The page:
Our inaugural invitation-only FSI summit in Sydney on Thursday, August 4 will bring together an intimate group of senior executives from banks, insurance companies, and fintech firms to share Forrester’s latest digital business research and facilitate a discussion with industry leaders in the financial services industry. Our team of esteemed analysts will lead the discussion; here is a snapshot of the topics that will be presented on the morning of the summit:
Michael Barnes (Vice President and Research Director serving CMOs – Sydney): Accelerating Digital Business In Financial Services
Companies use complex software from different vendors to support customer service operations. They use:
Queuing and routing technologies. They capture the customer inquiry, which can be via voice, digital, or social channels, and route and queue the inquiry to the right agent pool.
CRM customer service technologies. They enable customer service agents to create and work the incoming service request.
Workforce optimization technologies. They record agent interactions with customers, evaluate the quality of these interactions, recommend targeted training based on quality scores, manage agent schedules, forecast future schedules and more.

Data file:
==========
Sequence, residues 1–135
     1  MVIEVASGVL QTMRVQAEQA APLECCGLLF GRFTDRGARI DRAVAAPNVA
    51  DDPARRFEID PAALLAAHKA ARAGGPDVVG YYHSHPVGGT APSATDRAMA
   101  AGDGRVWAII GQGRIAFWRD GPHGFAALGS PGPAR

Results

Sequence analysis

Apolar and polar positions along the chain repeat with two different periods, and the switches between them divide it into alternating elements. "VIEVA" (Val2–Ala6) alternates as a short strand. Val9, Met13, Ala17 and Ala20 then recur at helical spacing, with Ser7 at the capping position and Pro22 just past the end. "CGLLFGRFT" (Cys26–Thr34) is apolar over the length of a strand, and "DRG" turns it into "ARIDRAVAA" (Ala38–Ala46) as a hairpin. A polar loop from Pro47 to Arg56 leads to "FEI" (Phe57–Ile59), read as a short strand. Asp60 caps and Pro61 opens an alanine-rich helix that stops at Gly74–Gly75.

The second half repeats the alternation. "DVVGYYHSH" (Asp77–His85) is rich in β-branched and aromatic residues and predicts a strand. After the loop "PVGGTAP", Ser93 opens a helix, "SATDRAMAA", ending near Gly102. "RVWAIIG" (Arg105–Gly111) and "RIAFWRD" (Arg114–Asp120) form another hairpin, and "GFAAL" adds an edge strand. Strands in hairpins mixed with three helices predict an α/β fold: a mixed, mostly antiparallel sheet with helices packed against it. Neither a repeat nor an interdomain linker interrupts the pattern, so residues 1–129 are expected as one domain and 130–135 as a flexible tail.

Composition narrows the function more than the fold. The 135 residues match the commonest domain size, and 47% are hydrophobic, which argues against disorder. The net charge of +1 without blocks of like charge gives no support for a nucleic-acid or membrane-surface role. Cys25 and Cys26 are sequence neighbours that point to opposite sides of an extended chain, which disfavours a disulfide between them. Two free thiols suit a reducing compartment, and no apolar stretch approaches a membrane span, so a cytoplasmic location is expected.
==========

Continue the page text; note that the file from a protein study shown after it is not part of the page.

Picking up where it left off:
Verizon wants Yahoo to fill out its omni channel content and advertising play. The more access to customer data it has (online through Yahoo and AOL, in home via cable boxes, on mobile via smart devices) the more targeted it can be with advertising and sponsored content or product placements across those same devices. This allows Verizon to create better ad products which is competitive against primarily online giants (Google) and creates a better user experience which is competitive against other cable and telecom providers.
This week Microsoft announced a new offering (available in the Fall): Microsoft Dynamics 365. Sound familiar? It should. Office 365, Microsoft Dynamics CRM, and Microsoft Dynamics AX all come to mind, and this was not done by mistake. Microsoft is bringing together the capabilities from these products, their intelligence tools, and third party or internally-built apps from its newly launched AppSource. Microsoft will use Dynamics 365 to provide disaggregated applications that serve the functional needs formerly delivered through CRM and ERP suites (e.g. sales, service, marketing, operations, etc.) atop is a common application platform and data model.
So what is Microsoft looking to achieve with these changes? Well, business doesn’t end with a customer interaction, and delivering superior customer experiences doesn’t end at the front office. Front office and back office apps need to talk to one another to make sure companies are able to win, serve, and retain customers. Microsoft aims to: